Tools of the Trade: How drones are changing the movie industry

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The film industry has always been one that embraces and runs with new technology, so it’s no surprise that the explosion of the drone industry is making waves in the way movies are made. Before the FAA approved the use of UAVs (drones) for filmmaking, aerial shots could only be achieved with the use of a helicopter or airplane, or a boom arm, all of which could be prohibitively expensive, dangerous or difficult to manage. In comparison, similar shots done with a drone cost about one tenth of the price, and can be done much more quickly and easily.

The advent of drones also means that shots that in the past were impossible can now be achieved very easily. Helicopters, for instance, can’t fly low through crowded streets, or in and among trees, but drones can. Drones can also start inside a building and end up looking down on that building all in one long, smooth shot. There’s no way a helicopter, or any other tool in the former arsenal of filmmaking gadgets, could do that.

So many of those breath-taking, inspirational shots that in the past were hard to get and expensive to boot, are now much easier to come by (though no less inspirational!). One thing is for sure, drone aerial photography is changing the way the game is played in the film industry.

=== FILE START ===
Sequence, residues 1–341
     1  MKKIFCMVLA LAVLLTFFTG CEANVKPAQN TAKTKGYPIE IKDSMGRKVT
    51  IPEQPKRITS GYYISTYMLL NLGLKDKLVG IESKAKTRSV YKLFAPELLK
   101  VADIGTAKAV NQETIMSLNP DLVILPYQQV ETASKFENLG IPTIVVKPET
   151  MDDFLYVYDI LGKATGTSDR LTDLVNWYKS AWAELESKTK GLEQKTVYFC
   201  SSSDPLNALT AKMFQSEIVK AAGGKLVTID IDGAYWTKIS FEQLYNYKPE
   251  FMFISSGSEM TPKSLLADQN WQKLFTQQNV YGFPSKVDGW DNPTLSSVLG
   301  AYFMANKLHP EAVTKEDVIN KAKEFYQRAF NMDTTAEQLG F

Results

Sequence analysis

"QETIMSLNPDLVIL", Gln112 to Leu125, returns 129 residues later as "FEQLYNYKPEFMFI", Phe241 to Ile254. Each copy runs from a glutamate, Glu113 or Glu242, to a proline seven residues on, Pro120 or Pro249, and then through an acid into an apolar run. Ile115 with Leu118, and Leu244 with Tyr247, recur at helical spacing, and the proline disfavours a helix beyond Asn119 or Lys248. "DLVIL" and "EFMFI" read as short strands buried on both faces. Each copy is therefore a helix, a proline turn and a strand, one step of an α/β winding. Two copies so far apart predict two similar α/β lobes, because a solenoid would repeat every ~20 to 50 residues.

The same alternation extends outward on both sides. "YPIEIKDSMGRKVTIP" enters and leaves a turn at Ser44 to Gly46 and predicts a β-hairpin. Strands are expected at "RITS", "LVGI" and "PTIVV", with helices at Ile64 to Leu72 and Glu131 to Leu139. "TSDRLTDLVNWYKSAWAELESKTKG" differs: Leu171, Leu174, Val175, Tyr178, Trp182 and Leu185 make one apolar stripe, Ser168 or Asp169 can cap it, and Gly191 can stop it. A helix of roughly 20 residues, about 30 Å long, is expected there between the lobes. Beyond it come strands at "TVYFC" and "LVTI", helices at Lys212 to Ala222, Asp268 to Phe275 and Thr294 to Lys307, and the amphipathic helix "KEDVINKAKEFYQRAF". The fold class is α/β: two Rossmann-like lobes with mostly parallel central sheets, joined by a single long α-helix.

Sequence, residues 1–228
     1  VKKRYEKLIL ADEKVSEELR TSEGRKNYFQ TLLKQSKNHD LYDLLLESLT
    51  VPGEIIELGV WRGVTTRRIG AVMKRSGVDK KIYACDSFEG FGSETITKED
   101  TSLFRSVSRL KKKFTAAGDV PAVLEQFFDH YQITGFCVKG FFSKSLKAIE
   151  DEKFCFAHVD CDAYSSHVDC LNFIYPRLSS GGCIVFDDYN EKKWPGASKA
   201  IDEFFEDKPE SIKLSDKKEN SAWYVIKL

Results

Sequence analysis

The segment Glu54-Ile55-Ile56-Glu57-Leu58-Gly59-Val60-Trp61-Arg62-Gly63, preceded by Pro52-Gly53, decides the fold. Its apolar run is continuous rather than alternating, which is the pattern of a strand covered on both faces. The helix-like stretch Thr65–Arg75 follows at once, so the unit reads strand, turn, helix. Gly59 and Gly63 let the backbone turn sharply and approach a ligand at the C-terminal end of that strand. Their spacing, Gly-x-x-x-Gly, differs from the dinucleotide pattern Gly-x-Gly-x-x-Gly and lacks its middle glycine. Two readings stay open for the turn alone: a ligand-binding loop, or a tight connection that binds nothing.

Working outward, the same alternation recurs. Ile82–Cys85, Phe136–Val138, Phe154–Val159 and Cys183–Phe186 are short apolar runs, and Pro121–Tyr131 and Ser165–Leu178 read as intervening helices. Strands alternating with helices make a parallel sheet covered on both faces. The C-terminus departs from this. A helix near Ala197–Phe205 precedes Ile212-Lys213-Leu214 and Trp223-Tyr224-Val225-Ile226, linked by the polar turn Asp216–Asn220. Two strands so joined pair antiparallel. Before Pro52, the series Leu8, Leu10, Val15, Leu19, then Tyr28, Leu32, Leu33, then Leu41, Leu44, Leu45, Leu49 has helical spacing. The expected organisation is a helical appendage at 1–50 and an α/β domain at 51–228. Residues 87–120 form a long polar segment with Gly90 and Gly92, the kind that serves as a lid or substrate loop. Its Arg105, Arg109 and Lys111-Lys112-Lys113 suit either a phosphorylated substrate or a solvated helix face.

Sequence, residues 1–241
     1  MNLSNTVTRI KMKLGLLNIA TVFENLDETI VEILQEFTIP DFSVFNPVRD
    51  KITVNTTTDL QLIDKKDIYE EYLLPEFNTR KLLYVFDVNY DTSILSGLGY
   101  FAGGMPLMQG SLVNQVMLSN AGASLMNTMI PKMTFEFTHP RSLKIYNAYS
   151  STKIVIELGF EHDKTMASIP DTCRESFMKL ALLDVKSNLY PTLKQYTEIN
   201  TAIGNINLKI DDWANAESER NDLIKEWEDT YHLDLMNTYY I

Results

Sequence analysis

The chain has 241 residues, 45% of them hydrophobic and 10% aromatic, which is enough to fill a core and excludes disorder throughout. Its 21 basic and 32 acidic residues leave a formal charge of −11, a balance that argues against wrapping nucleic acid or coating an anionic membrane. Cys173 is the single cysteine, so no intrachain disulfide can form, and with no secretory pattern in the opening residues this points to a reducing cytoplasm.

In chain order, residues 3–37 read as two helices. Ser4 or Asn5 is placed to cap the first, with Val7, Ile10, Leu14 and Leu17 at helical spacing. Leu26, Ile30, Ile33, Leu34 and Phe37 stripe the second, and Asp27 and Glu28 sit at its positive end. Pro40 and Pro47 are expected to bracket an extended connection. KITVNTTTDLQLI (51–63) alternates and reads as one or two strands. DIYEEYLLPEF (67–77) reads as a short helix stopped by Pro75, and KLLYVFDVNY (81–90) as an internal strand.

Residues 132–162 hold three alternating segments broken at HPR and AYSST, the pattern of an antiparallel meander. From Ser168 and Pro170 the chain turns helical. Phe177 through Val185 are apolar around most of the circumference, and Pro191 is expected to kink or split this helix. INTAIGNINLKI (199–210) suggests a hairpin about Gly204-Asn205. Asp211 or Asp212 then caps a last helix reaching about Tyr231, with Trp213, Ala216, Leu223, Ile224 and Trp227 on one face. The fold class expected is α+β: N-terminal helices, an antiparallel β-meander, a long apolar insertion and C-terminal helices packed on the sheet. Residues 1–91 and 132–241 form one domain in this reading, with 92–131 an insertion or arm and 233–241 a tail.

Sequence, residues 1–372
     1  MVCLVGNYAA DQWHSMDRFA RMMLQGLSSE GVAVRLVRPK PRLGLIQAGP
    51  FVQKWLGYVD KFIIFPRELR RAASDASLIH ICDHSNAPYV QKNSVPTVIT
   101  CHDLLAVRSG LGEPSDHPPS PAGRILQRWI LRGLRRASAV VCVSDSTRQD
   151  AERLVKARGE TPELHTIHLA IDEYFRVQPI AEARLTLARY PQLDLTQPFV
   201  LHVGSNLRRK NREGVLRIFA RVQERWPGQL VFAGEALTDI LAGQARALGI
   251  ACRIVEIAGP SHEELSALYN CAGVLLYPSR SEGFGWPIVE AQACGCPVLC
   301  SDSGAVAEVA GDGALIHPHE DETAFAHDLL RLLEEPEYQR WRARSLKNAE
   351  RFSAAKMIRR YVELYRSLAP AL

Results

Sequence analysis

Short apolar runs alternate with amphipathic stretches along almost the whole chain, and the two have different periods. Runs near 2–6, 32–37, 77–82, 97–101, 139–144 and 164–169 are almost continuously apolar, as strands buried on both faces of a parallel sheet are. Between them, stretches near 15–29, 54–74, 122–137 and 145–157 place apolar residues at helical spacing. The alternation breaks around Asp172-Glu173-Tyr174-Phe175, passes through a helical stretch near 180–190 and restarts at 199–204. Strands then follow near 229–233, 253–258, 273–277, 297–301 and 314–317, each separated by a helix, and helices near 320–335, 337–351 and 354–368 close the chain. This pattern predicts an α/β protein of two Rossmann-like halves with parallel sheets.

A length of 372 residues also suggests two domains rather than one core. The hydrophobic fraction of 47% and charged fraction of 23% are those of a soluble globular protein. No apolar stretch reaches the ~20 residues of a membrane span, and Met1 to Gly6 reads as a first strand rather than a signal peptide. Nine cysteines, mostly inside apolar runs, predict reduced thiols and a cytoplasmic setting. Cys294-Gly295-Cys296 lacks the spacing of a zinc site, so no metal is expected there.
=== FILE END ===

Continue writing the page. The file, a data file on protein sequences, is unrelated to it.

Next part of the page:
As any artist knows, you need the right tools to get the job done. Here’s an idea of how one studio, Extreme Aerial Productions (EAP) gets some of that incredible footage we’re talking about.

One piece of equipment now commonly seen in aerial movie production is the ALTA6. This workhorse is often used to shoot movies as well as high-end commercials, since it has the brawn necessary to carry sophisticated cameras and lenses, which it turns out, are usually heavy.

Another tool essential in the new aerial film world is the MOVI CONTROLLER.  This piece of equipment allows the director to compose the perfect shot from the ground. With this controller, the director can operate the camera while several hundred feet away.

Gimbals are not new to the movie industry, but have undergone dramatic development since the introduction of drones. One example is the MOVI M15. EAP uses this gimbal to stabilize the camera and help create the perfect smooth shot while in flight. Not only is it great in flight though – it can also be taken off the drone and help “run and gun” on set with the ground crew to create smooth flowing camera shots and angles.

When it’s a low shot required, EAP turns to the FREEFLY TERO to achieve these shots at a fraction of the cost, not to mention dramatically diminishing the danger factor. Not a flying one, but hey, it’s still a robot.

Livestreaming technology is another tool that EAP is making use of to keep the customer satisfied. It’s rare to get exactly the right shot on the first go-round, and with the newly emerging ability to stream live from the camera of a drone to a remote screen, it’s now easier to see what’s what.

TV and film production is just one part of what EAP does. With the tools of the trade at the ready, they are also able to provide aerial film services in the real estate, construction, golf course, and resort industries as well.

Elizabeth Ciobanu

I cover breaking news in the drone industry, interview experts in the field to learn from them for myself, and to help spread the love of drones.

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